3. How to avoid major social upheavals and the potential threat from the working class - no fraction of the world bourgeoisie had forgotten October 1917 - especially in Europe.[30] 

Understanding how the United States set about attempting to resolve these problems is the key to understanding the post-war boom - and its failure in the 1970s. This will have to wait for a future article, however it is worth pointing out that Rosa Luxemburg, writing before the full development of the state capitalist economy during the First, and above all the Second World War, had already given a brief indication of the economic effects of the militarization of the economy: "...the multitude of individual and insignificant demands for a whole range of commodities, which will become effective at different times and which might often be met just as well by simple commodity production, is now replaced by a comprehensive and homogeneous demand of the state. And the satisfaction of this demand presupposes a big industry of the highest order. It requires the most favourable conditions for the production of surplus value and for accumulation. In the form of government contracts for army supplies the scattered purchasing power of the consumers is concentrated in large quantities and, free of the vagaries and subjective fluctuations of personal consumption, it achieves an almost automatic regularity and rhythmic growth. Capital itself ultimately controls this automatic and rhythmic movement of militarist production through the legislature and a press whose function is to mould so-called ‘public opinion'. That is why this particular province of capitalist accumulation at first seems capable of infinite expansion. All other attempts to expand markets and set up operational bases for capital largely depend on historical, social and political factors beyond the control of capital, whereas production for militarism represents a province whose regular and progressive expansion seems primarily determined by capital itself.".[31]

Less than fifty years after the Accumulation was written, the reality of imperialist militarism was described in the following terms: "[The] conjunction of an immense military establishment and a large arms industry is new in the American experience. The total influence - economic, political, even spiritual - is felt in every city, every State house, every office of the Federal government (...) we must not fail to comprehend its grave implications. Our toil, resources and livelihood are all involved; so is the very structure of our society.

In the councils of government, we must guard against the acquisition of unwarranted influence, whether sought or unsought, by the military-industrial complex. The potential for the disastrous rise of misplaced power exists and will persist.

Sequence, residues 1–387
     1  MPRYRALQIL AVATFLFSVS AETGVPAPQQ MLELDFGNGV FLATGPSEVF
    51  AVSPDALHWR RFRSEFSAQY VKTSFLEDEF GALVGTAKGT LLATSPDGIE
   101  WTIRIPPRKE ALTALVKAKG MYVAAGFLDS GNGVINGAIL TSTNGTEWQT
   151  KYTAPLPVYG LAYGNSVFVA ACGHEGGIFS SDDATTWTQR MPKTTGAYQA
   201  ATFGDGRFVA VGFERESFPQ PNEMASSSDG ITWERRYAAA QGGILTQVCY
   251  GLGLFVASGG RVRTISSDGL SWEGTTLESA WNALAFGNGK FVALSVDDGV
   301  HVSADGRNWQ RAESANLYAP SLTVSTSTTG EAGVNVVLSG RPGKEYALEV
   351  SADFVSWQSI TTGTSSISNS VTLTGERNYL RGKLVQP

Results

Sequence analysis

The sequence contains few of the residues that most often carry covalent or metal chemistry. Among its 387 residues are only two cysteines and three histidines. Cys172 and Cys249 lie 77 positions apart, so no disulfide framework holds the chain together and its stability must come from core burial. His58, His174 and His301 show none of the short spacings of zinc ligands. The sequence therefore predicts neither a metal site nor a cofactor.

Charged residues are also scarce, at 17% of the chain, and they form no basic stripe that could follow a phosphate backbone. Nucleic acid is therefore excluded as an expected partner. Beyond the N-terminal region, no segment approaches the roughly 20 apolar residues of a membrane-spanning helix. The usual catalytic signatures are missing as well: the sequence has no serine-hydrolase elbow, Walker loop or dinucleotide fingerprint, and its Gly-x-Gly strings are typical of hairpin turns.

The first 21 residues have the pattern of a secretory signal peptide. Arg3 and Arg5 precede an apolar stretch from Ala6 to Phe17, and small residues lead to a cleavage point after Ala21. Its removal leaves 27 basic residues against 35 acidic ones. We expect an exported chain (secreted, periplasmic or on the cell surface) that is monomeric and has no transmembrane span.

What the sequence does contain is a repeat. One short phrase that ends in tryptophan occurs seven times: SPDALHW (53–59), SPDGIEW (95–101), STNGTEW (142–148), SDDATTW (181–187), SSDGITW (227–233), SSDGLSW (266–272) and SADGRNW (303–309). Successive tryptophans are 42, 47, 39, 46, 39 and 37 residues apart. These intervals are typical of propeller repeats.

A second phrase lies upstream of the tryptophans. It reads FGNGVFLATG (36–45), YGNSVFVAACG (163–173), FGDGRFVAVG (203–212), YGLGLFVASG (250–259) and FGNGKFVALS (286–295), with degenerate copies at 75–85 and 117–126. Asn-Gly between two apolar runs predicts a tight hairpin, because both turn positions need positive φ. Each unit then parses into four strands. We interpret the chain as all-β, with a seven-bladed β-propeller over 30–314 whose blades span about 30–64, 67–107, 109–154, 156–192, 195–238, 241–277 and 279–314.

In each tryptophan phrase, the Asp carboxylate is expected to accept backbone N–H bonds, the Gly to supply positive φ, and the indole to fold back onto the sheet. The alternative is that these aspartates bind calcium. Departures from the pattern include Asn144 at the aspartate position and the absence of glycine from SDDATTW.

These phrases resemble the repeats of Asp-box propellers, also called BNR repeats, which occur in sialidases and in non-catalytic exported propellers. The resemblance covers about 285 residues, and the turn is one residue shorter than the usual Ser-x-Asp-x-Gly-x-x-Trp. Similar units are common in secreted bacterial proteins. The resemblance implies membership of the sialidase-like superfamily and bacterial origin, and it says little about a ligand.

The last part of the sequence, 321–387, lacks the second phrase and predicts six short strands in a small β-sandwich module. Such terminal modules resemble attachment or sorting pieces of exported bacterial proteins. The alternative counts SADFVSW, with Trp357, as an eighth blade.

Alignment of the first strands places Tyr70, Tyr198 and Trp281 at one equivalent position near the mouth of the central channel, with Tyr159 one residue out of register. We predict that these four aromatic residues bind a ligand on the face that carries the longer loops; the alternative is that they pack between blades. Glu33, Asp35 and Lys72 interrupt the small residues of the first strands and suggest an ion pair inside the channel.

(...) Akin to, and largely responsible for the sweeping changes in our industrial-military posture, has been the technological revolution during recent decades.

In this revolution, research has become central; it also becomes more formalized, complex, and costly. A steadily increasing share is conducted for, by, or at the direction of, the Federal government". These words were spoken in 1961, not by some left-wing intellectual, but by US President Dwight D. Eisenhower.

Jens, 10th December 2008

[1]    For reasons of space it is impossible to do justice to the whole period from 1945 to 1970. We propose therefore to go no further than to introduce an analysis of the foundations of the post-war boom which we hope to treat in more detail later.

[2]    It is no accident that the first chapter of Capital is titled "Commodities".

[3]    We are leaving aside for the moment the question of the cyclical crises through which this evolves historically.

[4]    We will not repeat here what the ICC has already written on many occasions to support our view that for Marx and Engels - and for Luxemburg in particular among the marxists of the generation that followed - the problem of the inadequacy of the capitalist market is a fundamental difficulty standing in the way of the process of capital's enlarged accumulation.

[5]    www.marxists.org/archive/luxemburg/1915/anti-critique/ch01.htm

[6]    See in particular the article written by the same comrade in International Review n°127 where, under the sub-heading "Rosa's analysis identical to Marx" he demonstrates in a very clear and documented manner the continuity between Marx's analysis and that of Luxemburg.

[7]    "(...) this environment continued to supply a whole series of opportunities throughout the ascendant period (1825-1914) as a source of profit, an outlet for the sale of commodities suffering from overproduction, and as an extra source of labour power".

[8]    "During the 19th century, when colonial markets were most important, ALL the NON-colonial capitalist countries grew more rapidly than the colonial countries (71% more rapidly on average). This observation is valid throughout the history of capitalism. Sales outside pure capitalism certainly allow individual capitalists to realise their commodities, but they hinder the global accumulation of capitalism since, as with armament, they correspond to material means leaving the circuit of accumulation"

[9]    Notably opium in China's case, the highly "virtuous" British bourgeoisie fighting two wars to force the Chinese government to continue to allow their population to poison themselves with British opium.

[10]  Marx, Capital (Lawrence and Wishart), Book II "The process of circulation of capital", Part I, Chapter IV, "The circuit of commodity capital", p113.